“My guiding principles in life
are to be honest, genuine,
thoughtful and caring.”
When you look in a mirror, what do you see?
No, you don’t see yourself. You inhabit a body—not a mirror. No, you see a projection of yourself. Similarly, we often project ourselves upon others.
Are you diligent and honest? Then you tend to trust others easily: You project on them the traits of diligence and honesty which come naturally to you. If you are a private person, you likely believe others also keep secrets. Or if you often tell small lies, you may readily conclude others are deceiving you.
Name the trait or motivation. We tend to project these on others. This is familiar and natural. The opposite attributes are foreign to us, so we find these more difficult to believe.
The consequences of these beliefs can be disastrous, for ourselves and others. As a landlord, for example, I lost several thousand dollars when I rented to a few tenants despite signs they were untrustworthy. We all need to widen our vision—to see reality—or our mistakes will multiply.
How can we apply this wisdom? How can we challenge our mistaken projections?
Shortly after graduating college in 1977, I discussed farm subsidies with Mark, a church friend. I had just completed a study of economist Milton Freedman, agreeing with his tenet that the free market alone should determine a person’s income. So I opposed farm subsidies.
Mark was shocked. Why would an otherwise caring Christian approve of farmers going bankrupt when farm prices crash? My friend thought I was heartless, having lost both compassion and common sense.
Mark was right.
Why did I fail to care? Despite my business degree, I was ignorant. I knew nothing about farming. Even more pertinent: I had adopted an ideology which shut out the experiences of others.
I also projected on to bankrupted farmers my history of obtaining work easily. I did not consider the hardship of bankruptcy, the trauma of families losing their homes, nor farmers’ ordeals when seeking another profession.
I needed to widen my world. I needed to listen to others’ experiences. I needed to be thoughtful.
Similarly, many leaders project their limited experiences upon others. One politician, “Edward,” laments that so many receive food stamps. Why not? His family never needed food stamps. Why should anyone else?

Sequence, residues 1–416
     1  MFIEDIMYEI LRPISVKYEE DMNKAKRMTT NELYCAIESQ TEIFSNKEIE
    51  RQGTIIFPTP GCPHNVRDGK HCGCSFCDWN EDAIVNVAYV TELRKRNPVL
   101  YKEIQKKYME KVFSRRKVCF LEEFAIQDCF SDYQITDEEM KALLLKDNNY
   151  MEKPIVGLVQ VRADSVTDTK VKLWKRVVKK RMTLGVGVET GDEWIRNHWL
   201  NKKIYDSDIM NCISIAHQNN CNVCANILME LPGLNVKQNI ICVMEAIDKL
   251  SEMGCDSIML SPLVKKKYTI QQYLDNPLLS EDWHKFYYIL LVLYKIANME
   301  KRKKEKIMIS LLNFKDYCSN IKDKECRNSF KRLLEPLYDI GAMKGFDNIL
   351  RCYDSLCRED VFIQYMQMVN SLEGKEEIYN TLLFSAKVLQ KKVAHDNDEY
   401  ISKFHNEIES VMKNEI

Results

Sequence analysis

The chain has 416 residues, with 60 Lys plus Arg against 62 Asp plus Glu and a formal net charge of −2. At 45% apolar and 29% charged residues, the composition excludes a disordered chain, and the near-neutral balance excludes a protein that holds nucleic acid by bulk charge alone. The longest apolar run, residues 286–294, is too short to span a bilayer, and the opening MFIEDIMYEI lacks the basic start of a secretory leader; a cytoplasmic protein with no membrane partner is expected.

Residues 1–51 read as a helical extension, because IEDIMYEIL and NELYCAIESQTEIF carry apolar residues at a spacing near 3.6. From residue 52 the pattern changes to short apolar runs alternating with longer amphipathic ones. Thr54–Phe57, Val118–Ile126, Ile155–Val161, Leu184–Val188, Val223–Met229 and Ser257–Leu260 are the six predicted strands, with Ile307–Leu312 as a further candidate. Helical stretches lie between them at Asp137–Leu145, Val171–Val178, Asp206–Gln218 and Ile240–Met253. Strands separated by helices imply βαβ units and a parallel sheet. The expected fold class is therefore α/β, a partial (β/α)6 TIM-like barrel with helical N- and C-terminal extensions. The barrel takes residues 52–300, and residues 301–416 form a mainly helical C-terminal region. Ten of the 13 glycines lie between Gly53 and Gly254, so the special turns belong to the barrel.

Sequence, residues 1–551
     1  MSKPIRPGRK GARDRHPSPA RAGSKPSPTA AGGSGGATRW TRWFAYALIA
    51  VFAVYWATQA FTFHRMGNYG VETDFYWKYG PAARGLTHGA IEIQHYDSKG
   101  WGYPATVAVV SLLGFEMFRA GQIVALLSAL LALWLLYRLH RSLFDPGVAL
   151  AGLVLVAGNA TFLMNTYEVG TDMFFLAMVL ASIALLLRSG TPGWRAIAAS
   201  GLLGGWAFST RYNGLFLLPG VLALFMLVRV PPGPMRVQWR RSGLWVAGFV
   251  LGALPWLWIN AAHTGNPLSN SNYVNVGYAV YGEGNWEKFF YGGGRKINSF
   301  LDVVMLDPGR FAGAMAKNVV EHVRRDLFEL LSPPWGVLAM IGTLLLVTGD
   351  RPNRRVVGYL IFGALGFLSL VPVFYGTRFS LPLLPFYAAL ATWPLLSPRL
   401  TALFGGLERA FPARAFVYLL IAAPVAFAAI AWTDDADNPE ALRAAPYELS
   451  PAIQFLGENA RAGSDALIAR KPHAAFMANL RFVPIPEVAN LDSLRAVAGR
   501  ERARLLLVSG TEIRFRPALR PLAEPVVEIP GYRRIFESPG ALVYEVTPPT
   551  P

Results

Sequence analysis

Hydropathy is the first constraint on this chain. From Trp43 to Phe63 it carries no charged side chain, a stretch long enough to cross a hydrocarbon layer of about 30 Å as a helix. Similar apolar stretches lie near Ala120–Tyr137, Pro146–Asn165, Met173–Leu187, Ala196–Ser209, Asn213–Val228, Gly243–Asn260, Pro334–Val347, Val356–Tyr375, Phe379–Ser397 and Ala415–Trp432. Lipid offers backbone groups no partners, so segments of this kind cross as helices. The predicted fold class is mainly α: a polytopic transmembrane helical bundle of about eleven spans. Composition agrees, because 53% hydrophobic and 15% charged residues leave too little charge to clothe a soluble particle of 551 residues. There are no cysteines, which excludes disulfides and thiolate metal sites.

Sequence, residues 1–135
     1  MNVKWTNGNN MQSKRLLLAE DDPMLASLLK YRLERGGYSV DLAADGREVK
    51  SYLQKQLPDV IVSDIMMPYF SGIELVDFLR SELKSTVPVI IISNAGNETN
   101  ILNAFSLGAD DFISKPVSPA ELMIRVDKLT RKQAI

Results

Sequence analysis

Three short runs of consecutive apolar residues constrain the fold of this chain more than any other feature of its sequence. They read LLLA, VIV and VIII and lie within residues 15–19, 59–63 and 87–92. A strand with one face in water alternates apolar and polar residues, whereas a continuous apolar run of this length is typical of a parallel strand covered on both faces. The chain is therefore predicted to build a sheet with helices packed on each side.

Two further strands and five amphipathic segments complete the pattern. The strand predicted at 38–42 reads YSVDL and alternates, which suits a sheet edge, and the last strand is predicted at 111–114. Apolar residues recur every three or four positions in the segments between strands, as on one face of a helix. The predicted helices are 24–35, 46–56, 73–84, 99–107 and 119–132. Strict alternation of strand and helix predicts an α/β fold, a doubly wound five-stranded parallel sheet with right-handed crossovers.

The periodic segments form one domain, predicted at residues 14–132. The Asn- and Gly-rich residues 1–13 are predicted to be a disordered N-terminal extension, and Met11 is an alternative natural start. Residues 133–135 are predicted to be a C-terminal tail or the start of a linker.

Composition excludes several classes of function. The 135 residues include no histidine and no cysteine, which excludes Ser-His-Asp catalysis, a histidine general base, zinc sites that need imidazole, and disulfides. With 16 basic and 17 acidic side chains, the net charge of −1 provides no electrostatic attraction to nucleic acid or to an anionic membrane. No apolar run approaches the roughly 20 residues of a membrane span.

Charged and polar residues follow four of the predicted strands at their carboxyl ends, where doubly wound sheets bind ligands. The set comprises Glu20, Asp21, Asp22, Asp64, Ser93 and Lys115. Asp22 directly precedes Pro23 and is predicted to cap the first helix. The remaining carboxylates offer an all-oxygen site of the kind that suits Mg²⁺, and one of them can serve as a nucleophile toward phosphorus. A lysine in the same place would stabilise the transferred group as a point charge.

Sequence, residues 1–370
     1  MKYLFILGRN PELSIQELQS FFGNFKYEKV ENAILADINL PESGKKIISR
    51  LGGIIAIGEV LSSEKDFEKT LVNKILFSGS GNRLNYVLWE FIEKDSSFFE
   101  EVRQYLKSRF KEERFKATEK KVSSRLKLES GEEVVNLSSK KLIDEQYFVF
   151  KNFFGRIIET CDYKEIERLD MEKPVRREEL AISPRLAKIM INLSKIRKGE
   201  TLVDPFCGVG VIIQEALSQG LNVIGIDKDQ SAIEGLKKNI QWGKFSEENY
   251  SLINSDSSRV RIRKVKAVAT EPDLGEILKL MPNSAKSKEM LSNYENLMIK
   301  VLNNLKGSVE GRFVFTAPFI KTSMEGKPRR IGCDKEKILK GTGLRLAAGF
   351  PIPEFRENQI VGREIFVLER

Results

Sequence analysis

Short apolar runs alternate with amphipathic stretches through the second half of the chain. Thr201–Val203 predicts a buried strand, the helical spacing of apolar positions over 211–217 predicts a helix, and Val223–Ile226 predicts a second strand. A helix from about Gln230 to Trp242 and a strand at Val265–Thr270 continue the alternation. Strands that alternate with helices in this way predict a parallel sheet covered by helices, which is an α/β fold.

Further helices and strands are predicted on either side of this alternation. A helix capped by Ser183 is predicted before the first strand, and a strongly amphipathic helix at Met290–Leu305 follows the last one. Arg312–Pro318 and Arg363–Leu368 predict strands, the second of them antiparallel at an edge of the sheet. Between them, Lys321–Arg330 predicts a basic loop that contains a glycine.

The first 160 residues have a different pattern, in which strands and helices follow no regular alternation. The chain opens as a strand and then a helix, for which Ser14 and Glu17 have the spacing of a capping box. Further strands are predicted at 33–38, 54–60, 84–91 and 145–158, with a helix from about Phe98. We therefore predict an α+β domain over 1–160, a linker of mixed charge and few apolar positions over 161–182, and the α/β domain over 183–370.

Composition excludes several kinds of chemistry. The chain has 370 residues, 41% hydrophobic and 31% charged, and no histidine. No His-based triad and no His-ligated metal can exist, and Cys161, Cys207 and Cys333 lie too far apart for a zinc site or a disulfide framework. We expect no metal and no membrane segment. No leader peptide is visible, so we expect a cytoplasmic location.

Instead of projecting his economic abilities upon others, however, Edward could consider their experiences. What about the millions who earn a living yet, due to low wages, experience the continuing agony of poverty? What about the many millions of seniors dependent upon social security and food stamps for survival? What about the many children who, due to food stamp cuts, have some days each month with little or no food?
Edward projects his economic strengths on others. He concludes the US needs to spend more on the military, so our nation should spend less on food stamps. This is a false choice. One does not exclude the other.
Those in need should not be denigrated or starved. Moreover, the US military currently spends as much as China and Russia—as well as the next ten countries combined.
“Supporting our troops” instead of supporting those needing food stamps is ironic: The pay of low-ranking service people requires $100 million in food stamps and $1 billion in subsidies at military grocery stores in 2014. Severe reduction of commissary subsidies brings hardship to many military families. For many, food stamps remain a necessity.
Edward is not alone in projecting his food prosperity on others: A plethora of political leaders hold a variety of heartless viewpoints.
Sometimes, due to our own projections, we too have uncaring positions. What is true for these heartless politicians is also true for you and me: We need to widen our world; we need to listen to others’ experiences; we need to be thoughtful.